Gaming Gallimaufry 3: Shift 2 Taught Me To Drive!
Who says games aren’t educational? Really, who? I’ve heard that someone’s been saying that. Anyway, Shift 2 is such a remarkably convincing driving game that it’s even taught someone like me who has never driven a car in his life exactly how driving works. Now I know some stuff about cars I’d never even imagined before! Here are some of the incredible things that I’ve learnt about driving just from racing in this incredible sim.
Steering: When you turn the wheel of a car, there’s a distinct delay before the car actually starts to turn. This means that you have to turn slightly early to compensate. I’d never have known this without the help of Shift 2. Indeed, most other games have missed this key feature from their games. It’s fortunate that I’ve learnt this otherwise I’d have thought cars turned when you wanted them to!
Magnetism: If a car gets close to a wall, the car will become magnetically attracted to that wall for several seconds. It will be able to slide along the wall for a while, but any attempts to steer will be ignored. Likewise, if a car gets within a few feet of another car, those cars will become magnetic and will be drawn into each other, where they will become inseparable for a while. Any attempts to steer one of the cars will automatically pull the other car along with you as if they’re welded together. This is the sort of thing they never tell you about!
Racing tactics: From observing the AI, I’ve learnt that the way you’re supposed to win a race when you’re behind other cars is to first catch up to them, but not to overtake. Instead, you’re supposed to pull up alongside the car in front of you, and then purposefully and maliciously swerve straight into that car, smashing them straight off the track. If you can keep going yourself then it’s a bonus, but apparently the main aim of it is to make sure that the race is ruined for the other driver. I’d have thought this would be incredibly dangerous and potentially lethal in real life, but I’m sure the AI in this game has been well programmed with sensible racing tactics, so it must be correct.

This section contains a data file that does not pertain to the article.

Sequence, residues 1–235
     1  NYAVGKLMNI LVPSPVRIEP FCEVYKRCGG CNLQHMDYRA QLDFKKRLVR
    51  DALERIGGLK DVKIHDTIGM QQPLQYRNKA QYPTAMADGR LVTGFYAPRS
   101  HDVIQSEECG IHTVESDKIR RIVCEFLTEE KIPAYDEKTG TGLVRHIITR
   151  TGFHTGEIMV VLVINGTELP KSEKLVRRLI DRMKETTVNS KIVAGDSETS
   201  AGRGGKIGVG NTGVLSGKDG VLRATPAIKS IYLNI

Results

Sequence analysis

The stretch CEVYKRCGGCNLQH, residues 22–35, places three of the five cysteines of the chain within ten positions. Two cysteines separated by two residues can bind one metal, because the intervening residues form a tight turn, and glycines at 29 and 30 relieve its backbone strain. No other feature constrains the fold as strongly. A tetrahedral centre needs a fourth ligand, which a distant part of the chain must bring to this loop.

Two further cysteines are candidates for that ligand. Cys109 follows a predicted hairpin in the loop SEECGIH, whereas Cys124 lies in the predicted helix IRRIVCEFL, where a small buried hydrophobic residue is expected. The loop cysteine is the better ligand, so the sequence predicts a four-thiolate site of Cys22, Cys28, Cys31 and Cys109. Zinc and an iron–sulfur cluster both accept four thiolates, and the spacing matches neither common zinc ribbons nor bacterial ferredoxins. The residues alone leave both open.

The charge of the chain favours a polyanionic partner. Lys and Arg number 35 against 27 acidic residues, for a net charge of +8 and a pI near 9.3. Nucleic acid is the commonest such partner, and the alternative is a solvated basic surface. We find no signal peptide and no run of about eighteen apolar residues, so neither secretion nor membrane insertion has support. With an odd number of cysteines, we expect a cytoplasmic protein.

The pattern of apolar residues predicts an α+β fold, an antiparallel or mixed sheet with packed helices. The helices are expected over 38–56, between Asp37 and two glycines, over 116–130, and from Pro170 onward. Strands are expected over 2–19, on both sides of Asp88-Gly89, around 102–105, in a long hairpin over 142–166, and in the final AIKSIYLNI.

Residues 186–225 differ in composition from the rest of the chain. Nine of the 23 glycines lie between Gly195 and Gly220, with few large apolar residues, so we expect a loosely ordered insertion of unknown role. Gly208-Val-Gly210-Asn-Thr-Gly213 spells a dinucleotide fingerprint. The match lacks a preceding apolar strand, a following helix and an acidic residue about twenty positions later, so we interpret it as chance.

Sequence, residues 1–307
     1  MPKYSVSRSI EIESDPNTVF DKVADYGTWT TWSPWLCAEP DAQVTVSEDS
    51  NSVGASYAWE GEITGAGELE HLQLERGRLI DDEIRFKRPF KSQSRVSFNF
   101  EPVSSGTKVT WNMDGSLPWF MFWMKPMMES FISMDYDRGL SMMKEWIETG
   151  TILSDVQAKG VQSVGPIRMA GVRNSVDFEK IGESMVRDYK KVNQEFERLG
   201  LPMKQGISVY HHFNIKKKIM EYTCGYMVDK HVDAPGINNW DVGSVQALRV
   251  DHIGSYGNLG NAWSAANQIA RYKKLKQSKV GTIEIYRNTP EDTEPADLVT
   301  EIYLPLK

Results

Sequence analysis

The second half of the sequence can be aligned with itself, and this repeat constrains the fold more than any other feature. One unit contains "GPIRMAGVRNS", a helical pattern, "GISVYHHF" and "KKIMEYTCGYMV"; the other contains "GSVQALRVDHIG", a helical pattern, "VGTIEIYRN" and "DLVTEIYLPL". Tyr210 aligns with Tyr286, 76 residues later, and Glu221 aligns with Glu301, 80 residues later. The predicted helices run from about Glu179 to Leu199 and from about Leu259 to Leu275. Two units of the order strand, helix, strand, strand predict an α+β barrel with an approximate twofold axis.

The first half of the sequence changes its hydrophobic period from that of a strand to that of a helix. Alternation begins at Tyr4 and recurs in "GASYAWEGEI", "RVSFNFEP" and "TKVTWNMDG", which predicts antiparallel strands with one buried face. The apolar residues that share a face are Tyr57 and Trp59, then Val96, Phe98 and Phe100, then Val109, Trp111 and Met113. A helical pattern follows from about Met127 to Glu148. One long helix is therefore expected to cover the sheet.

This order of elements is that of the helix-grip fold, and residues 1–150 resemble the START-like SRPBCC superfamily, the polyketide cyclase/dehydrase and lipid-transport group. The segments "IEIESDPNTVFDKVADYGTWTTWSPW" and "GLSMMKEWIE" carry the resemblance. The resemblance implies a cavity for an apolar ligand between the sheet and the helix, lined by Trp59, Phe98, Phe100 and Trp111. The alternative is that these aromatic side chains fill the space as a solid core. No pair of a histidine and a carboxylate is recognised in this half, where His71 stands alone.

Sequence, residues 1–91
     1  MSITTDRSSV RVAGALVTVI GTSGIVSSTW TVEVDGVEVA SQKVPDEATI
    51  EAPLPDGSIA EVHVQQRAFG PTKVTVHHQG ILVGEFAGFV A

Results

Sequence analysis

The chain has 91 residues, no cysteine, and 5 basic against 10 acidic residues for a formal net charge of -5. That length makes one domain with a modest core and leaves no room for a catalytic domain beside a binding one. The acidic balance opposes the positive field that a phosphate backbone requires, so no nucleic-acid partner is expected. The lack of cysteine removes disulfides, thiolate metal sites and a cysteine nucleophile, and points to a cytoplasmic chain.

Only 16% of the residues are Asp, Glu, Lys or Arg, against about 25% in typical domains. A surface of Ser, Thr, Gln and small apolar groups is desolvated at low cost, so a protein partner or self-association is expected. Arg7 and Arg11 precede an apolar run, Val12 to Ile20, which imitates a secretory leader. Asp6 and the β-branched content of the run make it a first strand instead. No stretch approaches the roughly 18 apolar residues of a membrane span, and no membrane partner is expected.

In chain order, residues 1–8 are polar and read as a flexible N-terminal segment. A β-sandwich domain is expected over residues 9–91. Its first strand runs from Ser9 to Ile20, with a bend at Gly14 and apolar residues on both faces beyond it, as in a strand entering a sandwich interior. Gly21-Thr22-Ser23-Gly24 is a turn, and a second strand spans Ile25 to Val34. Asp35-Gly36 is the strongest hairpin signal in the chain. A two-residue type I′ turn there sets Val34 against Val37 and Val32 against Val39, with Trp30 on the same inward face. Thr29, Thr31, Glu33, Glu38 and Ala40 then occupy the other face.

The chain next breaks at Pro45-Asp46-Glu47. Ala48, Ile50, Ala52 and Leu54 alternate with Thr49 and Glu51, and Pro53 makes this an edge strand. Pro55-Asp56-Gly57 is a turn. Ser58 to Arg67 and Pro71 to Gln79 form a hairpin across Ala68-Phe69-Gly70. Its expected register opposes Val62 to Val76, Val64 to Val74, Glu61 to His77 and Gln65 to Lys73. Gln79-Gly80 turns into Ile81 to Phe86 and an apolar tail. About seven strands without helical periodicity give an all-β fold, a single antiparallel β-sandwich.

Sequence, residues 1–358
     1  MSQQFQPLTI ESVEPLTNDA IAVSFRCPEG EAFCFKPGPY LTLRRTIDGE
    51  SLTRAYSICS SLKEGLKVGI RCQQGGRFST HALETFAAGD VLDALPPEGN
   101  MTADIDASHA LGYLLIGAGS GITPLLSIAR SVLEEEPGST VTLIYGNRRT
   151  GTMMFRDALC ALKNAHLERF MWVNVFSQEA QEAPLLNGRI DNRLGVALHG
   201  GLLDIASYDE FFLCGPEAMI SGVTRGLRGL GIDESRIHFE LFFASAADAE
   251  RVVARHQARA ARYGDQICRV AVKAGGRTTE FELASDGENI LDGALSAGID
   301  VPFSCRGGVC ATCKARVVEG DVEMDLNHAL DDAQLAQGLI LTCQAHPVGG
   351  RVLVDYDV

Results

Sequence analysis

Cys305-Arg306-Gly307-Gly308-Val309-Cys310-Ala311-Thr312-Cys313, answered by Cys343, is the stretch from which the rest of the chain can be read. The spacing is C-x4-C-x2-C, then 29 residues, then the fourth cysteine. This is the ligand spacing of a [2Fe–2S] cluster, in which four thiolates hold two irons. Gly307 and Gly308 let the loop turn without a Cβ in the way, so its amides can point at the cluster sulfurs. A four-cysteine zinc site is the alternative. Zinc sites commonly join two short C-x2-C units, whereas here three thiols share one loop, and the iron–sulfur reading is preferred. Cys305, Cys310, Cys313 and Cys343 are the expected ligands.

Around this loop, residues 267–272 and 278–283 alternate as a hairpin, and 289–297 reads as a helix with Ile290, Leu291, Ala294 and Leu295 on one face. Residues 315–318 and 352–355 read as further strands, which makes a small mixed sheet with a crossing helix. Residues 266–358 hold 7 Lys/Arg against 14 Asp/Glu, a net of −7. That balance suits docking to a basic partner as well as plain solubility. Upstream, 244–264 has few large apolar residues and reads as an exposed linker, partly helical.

A typical racing results screen. (Click for full size image)
Crashing: Colliding with anything, whether a major crash or a small bump, turns you temporarily colour blind. Also, crashing into walls and cars isn’t the only thing you have to worry about. Once every four or five times that you start your car, the car will randomly crash back to a Windows desktop. I’m not sure how this works in real life, but it’s impressively simulated here.
Donations: If you win a few races, some chivvy racing guys will happily just hand over their car to you for free. I didn’t know racers were so generous!
I’m sure there’s much more to learn from this in depth simulation. Let me know if you’ve learnt anything else from it!
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